Given the ink that’s been spilled on the Salzman controversy, it’s not worth rehashing here at any depth. But Potter says “Rocky staffers” were stunned I hadn’t run the column. Really, all Rocky staffers? Would they also be stunned that I haven’t run columns by other “stars” of the paper, including Gene Amole, perhaps the most venerated writer in the paper’s last half century. That’s what editors do. Edit. As I told Potter, the “hold” button is an editor’s best friend. If in doubt, hold something. That’s the best editing advice I was ever given. The other mantra I repeatedly used at the Rocky is that a good newspaper doesn’t publish everything it produces. It leaves a lot on the cutting room floor. I told our staff that copy never seeing the light of day was a sign of quality.
I understand why Potter might conclude that “none of the heart and hustle Temple and his staff demonstrated did a damn thing to increase the paper’s chance of survival,” but what he should have said was that “none of the heart and hustle Temple and his staff demonstrated could save the paper.” The reason: Because prospective buyers, and there were two, were in part drawn by the identity of the paper, shaped by that heart and hustle. And because if the staff hadn’t shown that hustle, could the end have come much sooner? We don’t know. We do know that it couldn’t save the paper. We don’t know whether it did a “damn thing” to increase the paper’s chances of survival. In my view, it made it a lot harder to kill the Rocky.
As for the personal aspects of the story, I understand that not everybody in a newsroom loves the guy in charge. But Potter spent more than two months with almost total access to me in my dealings with the staff. Yet to support his claim about my alleged “volcanic shouting eruptions” he had to resort to a story from an anonymous security guard and from a single editor who worked with me. I have a voice loud enough to hold newsroom meetings without a microphone, as Potter has seen. I would have expected him to be able to describe any “eruptions” he witnessed. Instead, he takes at face value accusations regarding my conduct without ever asking for my version of events. At Medill, we were taught that we always had to ask the accused for his side of the story. How could you fairly represent something you hadn’t witnessed if you had only heard one side? The guard he writes about screwed up badly and I let him know it. I didn’t need to shout. As for the editor, she’s been a colleague for many years, which says more in my view than any claim about hurt feelings from the way I handled criticism of her performance at a news meeting. The Rocky was a place where we were honest about our work, including our failings. That’s one of the things that made it an exciting place to work. Another example: Potter describes me as a person who could be “rude and crass,” again without ever using a single example he witnessed. Potter begins his piece by citing an editors’ adage, “if your mother tells you she loves you, check it out.” I think he could have done more checking in some cases. For example, Potter asserts that Scripps had offered to keep me employed before I made the decision on Milstead’s column. That’s not true. The first I ever heard that Scripps would have a job for me was at the press conference on the day Scripps announced it was closing the Rocky. I was always part of the possible sale, along with the rest of the newsroom, and it was understood that I would be leaving the company, whether to work for a new owner or to seek a new job. No offer of employment was ever made, nor did I ever seek one. I made clear to the staff long before the closure that I would not be staying with Scripps no matter what happened, not out of anger or any other negative emotion, but because I was ready to move on, if I couldn’t be at the Rocky.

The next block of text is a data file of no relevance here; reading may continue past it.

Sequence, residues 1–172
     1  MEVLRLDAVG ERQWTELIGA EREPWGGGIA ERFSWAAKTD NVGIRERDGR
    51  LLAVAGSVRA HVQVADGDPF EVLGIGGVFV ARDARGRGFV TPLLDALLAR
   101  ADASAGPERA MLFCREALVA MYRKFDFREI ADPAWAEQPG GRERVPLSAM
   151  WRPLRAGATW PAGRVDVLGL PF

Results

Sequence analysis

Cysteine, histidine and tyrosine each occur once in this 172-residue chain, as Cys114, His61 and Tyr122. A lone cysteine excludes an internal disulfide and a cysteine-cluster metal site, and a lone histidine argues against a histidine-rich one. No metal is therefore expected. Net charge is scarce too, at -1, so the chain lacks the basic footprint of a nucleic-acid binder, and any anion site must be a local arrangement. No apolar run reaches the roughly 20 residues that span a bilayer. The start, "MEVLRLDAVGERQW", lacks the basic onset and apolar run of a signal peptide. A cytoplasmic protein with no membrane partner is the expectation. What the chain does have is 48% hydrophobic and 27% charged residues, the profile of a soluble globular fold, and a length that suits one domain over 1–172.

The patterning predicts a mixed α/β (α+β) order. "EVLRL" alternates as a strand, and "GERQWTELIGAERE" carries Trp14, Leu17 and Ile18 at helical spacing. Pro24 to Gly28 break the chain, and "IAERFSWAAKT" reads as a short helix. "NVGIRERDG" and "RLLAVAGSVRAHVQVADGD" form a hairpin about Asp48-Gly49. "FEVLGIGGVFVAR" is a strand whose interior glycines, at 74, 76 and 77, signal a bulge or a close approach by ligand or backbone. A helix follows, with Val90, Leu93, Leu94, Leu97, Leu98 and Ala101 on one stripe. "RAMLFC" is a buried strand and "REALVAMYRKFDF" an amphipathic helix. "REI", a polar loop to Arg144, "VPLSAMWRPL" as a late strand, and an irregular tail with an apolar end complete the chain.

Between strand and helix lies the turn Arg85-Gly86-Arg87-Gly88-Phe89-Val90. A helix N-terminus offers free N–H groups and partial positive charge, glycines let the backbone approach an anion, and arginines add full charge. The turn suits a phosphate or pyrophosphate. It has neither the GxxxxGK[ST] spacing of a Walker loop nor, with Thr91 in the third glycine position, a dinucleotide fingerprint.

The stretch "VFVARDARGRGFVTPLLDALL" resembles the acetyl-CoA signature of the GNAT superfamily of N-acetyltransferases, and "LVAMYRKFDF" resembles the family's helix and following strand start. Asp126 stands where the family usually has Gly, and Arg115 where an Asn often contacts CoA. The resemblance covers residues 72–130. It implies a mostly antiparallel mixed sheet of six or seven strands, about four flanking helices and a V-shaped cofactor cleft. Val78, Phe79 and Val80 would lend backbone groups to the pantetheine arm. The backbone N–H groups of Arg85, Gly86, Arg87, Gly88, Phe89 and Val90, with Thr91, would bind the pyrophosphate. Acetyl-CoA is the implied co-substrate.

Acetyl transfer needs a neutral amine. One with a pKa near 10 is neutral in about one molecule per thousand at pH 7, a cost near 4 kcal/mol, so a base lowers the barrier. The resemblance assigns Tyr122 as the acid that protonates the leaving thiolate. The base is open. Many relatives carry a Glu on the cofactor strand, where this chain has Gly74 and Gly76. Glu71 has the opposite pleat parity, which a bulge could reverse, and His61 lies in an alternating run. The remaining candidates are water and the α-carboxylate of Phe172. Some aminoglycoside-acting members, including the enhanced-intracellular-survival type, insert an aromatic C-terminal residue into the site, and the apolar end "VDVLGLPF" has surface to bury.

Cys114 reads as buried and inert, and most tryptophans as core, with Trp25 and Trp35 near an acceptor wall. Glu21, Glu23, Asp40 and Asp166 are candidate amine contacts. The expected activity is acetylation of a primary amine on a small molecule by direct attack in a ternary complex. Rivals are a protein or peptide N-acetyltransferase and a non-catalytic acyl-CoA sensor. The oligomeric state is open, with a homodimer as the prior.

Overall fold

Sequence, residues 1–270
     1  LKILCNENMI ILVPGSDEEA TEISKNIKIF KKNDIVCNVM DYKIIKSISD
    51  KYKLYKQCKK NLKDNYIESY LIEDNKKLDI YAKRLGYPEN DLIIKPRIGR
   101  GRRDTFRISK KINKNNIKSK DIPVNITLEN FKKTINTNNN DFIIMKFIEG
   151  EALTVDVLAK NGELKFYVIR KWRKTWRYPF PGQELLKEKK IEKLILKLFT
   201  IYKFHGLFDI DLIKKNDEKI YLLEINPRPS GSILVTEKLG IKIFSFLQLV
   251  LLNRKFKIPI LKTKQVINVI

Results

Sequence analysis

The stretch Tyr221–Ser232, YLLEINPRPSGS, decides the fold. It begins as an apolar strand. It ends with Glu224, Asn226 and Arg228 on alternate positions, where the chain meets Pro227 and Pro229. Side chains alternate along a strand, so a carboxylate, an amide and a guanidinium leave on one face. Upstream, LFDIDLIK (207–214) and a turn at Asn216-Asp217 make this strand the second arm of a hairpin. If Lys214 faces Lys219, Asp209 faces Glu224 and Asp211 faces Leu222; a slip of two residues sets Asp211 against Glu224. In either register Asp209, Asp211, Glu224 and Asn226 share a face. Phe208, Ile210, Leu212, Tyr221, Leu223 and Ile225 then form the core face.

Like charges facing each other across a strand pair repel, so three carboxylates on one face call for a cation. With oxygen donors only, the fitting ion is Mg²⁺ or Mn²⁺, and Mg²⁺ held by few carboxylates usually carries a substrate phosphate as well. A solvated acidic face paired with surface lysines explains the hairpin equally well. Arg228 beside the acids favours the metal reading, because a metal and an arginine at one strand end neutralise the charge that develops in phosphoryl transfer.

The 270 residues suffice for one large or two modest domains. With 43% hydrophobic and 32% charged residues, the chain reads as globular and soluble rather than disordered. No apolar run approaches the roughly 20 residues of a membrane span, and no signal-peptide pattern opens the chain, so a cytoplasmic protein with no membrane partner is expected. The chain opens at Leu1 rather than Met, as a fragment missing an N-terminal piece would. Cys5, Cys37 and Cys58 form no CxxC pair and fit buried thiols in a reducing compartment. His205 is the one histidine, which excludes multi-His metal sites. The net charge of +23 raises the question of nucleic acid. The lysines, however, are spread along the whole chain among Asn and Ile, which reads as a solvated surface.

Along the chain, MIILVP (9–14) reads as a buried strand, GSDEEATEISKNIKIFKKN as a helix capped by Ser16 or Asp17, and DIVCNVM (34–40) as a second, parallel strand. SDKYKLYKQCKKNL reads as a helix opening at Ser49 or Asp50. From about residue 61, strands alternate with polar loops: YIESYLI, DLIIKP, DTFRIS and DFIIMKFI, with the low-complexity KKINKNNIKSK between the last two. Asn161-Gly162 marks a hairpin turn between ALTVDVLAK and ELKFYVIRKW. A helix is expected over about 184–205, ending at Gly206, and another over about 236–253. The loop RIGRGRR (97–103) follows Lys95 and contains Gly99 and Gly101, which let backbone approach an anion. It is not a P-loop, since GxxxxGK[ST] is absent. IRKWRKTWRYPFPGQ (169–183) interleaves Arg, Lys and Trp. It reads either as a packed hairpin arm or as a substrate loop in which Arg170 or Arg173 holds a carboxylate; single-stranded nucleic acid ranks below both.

Finally, it’s worth pointing out a few more errors.
Deb Goeken was not the Rocky’s longtime assistant managing editor, as Potter asserts. She was the managing editor for almost a decade.
Kevin Vaughan had been a finalist for the Pulitzer in feature writing. To say he had been nominated is to miss the point. A writer can nominate himself. It’s meaningless to be nominated. Why report it? It’s significant to be a finalist, one of three candidates chosen by a jury for the most prestigious award in journalism.
It wasn’t the “Singleton side of the DNA board” that rejected going forward with a modular advertising plan. It was the new president and CEO of the Denver Newspaper Agency, Harry Whipple, who had a number of concerns, among them that the advertising department would be unable to execute (or sell) a modular advertising plan.
Potter is a good writer. I would invite him back again if I had it to do over again. The price of giving access is you might not always like what you read. But at least there’s the opportunity for people to learn in greater depth why events occurred and what they might mean. But don’t believe everything you read in his piece, except maybe that I have a “youthful face.” Or at least did, before the weeks leading up to the Rocky’s last day.